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Newton Gordon, D.D.S.

Oral and maxillofacial surgeon

Dr. Newton Gordon is the chief of Dentistry and Oral and Maxillofacial Surgery at San Francisco General Hospital Medical Center. He specializes in dental implants, maxillofacial trauma and dentoalveolar, preprosthetic and reconstructive surgery. His research interest is pain mechanisms and management including analgesic synergy and the effect of gender in the treatment of dental postoperative pain.

Gordon earned a dental degree from McGill University inMontreal, Canada. He completed a residency in oral and maxillofacial surgery at the University of Illinois Medical Center in Chicago and earned a graduate degree from the graduate college there for lab research during his residency. He is the recipient of several teaching, leadership and civic awards and honors. He was appointed diplomat of the American Board of Oral and Maxillofacial Surgery and holds fellowships in the American Association of Oral and Maxillofacial Surgeons, American College of Oral and Maxillofacial Surgeons, International College of Oral and Maxillofacial Surgeons, Academy of Dentistry International and American College of Dentistry.


Dental Implant Center
707 Parnassus Ave., Suite D-1201
San Francisco, CA 94143
Phone: (415) 476-3021
Fax: (415) 476-8999

Hours: Monday, Wednesday, Thursday
10 a.m. – 5 p.m.

Oral and Facial Surgery Center
707 Parnassus Ave., Suite D-1201
San Francisco, CA 94143
Phone: (415) 476-1316
Fax: (415) 476-8999

Hours: Monday, Wednesday, Thursday, Friday
9 a.m. – 5 p.m.

10 a.m. – 5 p.m.

Conditions & Treatments

More about Newton Gordon

Additional Languages



McGill University 1970


University of Illinois, Oral/Maxillofacial Surgery 1973

Selected Research and Publications

  1. Gear RW, Gordon NC, Hossaini-Zadeh M, Lee JS, Miaskowski C, Paul SM, Levine JD. A subanalgesic dose of morphine eliminates nalbuphine anti-analgesia in postoperative pain. J Pain. 2008 Apr; 9(4):337-41.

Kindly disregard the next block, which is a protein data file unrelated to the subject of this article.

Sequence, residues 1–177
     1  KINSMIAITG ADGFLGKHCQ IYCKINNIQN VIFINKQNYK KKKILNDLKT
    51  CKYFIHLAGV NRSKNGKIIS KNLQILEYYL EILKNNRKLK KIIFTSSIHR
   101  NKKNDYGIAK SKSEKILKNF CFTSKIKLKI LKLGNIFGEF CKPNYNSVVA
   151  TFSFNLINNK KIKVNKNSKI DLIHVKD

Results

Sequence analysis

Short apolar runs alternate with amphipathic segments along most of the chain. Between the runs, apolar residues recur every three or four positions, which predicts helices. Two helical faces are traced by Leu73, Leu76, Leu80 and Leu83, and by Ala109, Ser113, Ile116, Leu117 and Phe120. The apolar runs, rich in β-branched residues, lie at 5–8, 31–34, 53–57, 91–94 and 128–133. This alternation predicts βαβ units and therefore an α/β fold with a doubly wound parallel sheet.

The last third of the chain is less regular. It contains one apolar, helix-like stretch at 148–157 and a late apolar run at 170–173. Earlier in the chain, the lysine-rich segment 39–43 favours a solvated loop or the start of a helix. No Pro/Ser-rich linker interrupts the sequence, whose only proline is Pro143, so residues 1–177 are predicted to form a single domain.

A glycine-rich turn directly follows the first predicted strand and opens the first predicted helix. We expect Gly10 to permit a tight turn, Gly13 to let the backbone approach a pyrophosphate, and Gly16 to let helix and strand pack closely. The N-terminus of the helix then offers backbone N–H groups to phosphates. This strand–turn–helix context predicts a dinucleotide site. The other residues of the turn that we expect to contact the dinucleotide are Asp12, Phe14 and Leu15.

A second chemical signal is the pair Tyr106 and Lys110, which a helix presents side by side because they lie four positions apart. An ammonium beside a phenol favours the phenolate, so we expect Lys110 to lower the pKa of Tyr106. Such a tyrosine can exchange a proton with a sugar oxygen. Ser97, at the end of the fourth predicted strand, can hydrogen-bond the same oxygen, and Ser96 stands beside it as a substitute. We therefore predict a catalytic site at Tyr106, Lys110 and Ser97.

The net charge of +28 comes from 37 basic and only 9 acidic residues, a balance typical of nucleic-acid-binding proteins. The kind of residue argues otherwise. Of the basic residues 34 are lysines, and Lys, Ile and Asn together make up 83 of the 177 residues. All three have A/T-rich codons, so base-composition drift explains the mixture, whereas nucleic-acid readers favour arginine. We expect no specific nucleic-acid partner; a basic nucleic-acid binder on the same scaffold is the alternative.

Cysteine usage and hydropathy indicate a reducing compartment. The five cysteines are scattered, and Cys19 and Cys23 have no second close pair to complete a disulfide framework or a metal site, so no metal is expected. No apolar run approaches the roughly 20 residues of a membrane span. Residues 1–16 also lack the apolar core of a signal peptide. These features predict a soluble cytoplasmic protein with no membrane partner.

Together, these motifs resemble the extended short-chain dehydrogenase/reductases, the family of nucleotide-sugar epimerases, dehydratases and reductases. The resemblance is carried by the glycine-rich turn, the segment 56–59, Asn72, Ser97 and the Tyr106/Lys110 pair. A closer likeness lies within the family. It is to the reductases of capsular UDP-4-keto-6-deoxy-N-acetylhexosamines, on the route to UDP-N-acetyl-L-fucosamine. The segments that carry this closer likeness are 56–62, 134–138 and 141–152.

2. Gear RW, Lee JS, Miaskowski C, Gordon NC, Paul SM, Levine JD. Neuroleptics antagonize nalbuphine antianalgesia. J Pain. 2006 Mar; 7(3):187-91.
  3. Gear RW, Gordon NC, Miaskowski C, Paul SM, Heller PH, Levine JD. Dose ratio is important in maximizing naloxone enhancement of nalbuphine analgesia in humans. Neurosci Lett. 2003 Nov 6; 351(1):5-8.
  4. Lee M, Bennett HE, Gordon N. Sevoflurane general anesthesia: an alternative technique in the pediatric oral and maxillofacial surgery patient. J Oral Maxillofac Surg. 2003 Nov; 61(11):1249-52.
  5. Gear RW, Gordon NC, Miaskowski C, Paul SM, Heller PH, Levine JD. Sexual dimorphism in very low dose nalbuphine postoperative analgesia. Neurosci Lett. 2003 Mar 13; 339(1):1-4.
  6. Gordon NC, Connelly S. Management of head and neck infections in the immunocompromised patient. Oral Maxillofac Surg Clin North Am. 2003 Feb; 15(1):103-10.

Publications are derived from MEDLINE/PubMed and provided by UCSF Profiles, a service of the Clinical & Translational Science Institute (CTSI) at UCSF. Researchers can make corrections and additions to their publications by logging on to UCSF Profiles.

This health care professional is not a member of UCSF Medical Group. Please check with your health insurance plan regarding coverage for services.